To address stream bank erosion, carefully select some native vegetation, plant ground covering and afterwards plant trees and shrubs. Pay attention not only to which plants prevent erosion but also to which plants benefit the local environment.Know More
Choose a selection of trees, shrubs, vines, grass and other ground cover. Select erosion-resistant perennials with strong root systems. Avoid invasive species that overrun the banks or choke waterways. Tall trees are inappropriate for narrow brooks but fine for wide streams. Keep aesthetics in mind as well when choosing native species of plants.
Before planting shrubs and trees, prepare the ground covering. Avoid the use of fertilizers that damage the ecosystem of the stream. Attractive grasses that hold soil well include reed canary grass, purple three-awn and fescue. Add other appropriate ground covering such as fuschia, zinnia, pineleaf penstemon, wild grape vine and various types of fern.
Plant larger shrubs and trees for long-term erosion control. One of the most popular trees for holding river banks together is the willow. Other suitable trees that do not grow out into the water include alders, sycamores, ashes, maples and walnuts. To complement the trees and ground cover and further protect the soil, plant shrubs such as dogwood, snowberry, blackberry, gooseberries, currants or three-leaf sumac.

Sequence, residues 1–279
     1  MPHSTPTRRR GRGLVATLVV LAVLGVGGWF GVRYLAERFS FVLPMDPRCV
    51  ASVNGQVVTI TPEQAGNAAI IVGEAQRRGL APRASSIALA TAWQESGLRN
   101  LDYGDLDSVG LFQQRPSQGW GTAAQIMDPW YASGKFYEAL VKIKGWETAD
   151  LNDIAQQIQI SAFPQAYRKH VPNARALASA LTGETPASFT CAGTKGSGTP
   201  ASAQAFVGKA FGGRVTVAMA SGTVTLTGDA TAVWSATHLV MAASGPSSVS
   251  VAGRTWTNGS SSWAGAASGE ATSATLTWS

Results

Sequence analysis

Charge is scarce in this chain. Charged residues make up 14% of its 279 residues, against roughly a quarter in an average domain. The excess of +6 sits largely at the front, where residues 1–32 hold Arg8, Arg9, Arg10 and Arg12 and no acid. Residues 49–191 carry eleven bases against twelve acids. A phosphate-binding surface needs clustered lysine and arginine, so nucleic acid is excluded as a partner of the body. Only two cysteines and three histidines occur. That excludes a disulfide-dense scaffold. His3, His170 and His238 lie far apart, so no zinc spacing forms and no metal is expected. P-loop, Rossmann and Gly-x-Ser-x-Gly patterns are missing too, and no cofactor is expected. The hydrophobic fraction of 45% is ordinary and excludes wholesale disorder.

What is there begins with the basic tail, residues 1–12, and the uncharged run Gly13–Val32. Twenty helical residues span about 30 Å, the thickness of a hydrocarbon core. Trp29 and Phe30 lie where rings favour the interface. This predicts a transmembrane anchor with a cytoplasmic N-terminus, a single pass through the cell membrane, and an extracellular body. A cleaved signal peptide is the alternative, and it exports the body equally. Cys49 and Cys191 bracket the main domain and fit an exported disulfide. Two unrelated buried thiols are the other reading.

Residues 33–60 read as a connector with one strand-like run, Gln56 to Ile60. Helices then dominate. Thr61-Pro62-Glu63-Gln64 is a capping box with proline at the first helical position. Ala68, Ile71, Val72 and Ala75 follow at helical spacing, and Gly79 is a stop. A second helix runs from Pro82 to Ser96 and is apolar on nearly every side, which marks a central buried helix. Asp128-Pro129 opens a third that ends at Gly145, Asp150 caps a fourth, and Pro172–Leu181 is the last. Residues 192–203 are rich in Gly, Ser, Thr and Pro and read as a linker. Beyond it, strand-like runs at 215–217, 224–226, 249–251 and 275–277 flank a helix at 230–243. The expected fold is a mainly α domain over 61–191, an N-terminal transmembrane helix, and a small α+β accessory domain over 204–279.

Tulips are native to North Africa, Greece, Turkey, Iran, Ukraine, Mongolia and southern Siberia but are now grown in countries across the globe. Popular regions for tulip growing include Holland, Switzerland, United Kingdom, Australia and the U.S. states of Michigan, Iowa and Washington. They are cool-season plants that need several months of winter cold to be at their best.Full Answer >
A native to China, the Lady Banks rose is a drought- and disease-resistant shrubby vine that will grow up to 20 feet tall. Lady Banks roses are cut back when the blooming season is over. You will need one to five hours, gloves, pruners and loppers.Full Answer >
Cosmos are native to the hot, dry regions of Central and South America, and are able to withstand drought conditions and periods of prolonged heat. Gardeners love them because they are low maintenance and flower from spring until the first serious frost.Full Answer >
To grow tomatoes in your garden, begin by sowing tomato seeds in flats about six to eight weeks before the last frost. Keep the plants in a warm window, water them regularly and transplant them outside when the soil temperature is above 55 degrees Fahrenheit. Tie the plants to a stake for support, keeping the soil moist throughout the growing season.Full Answer >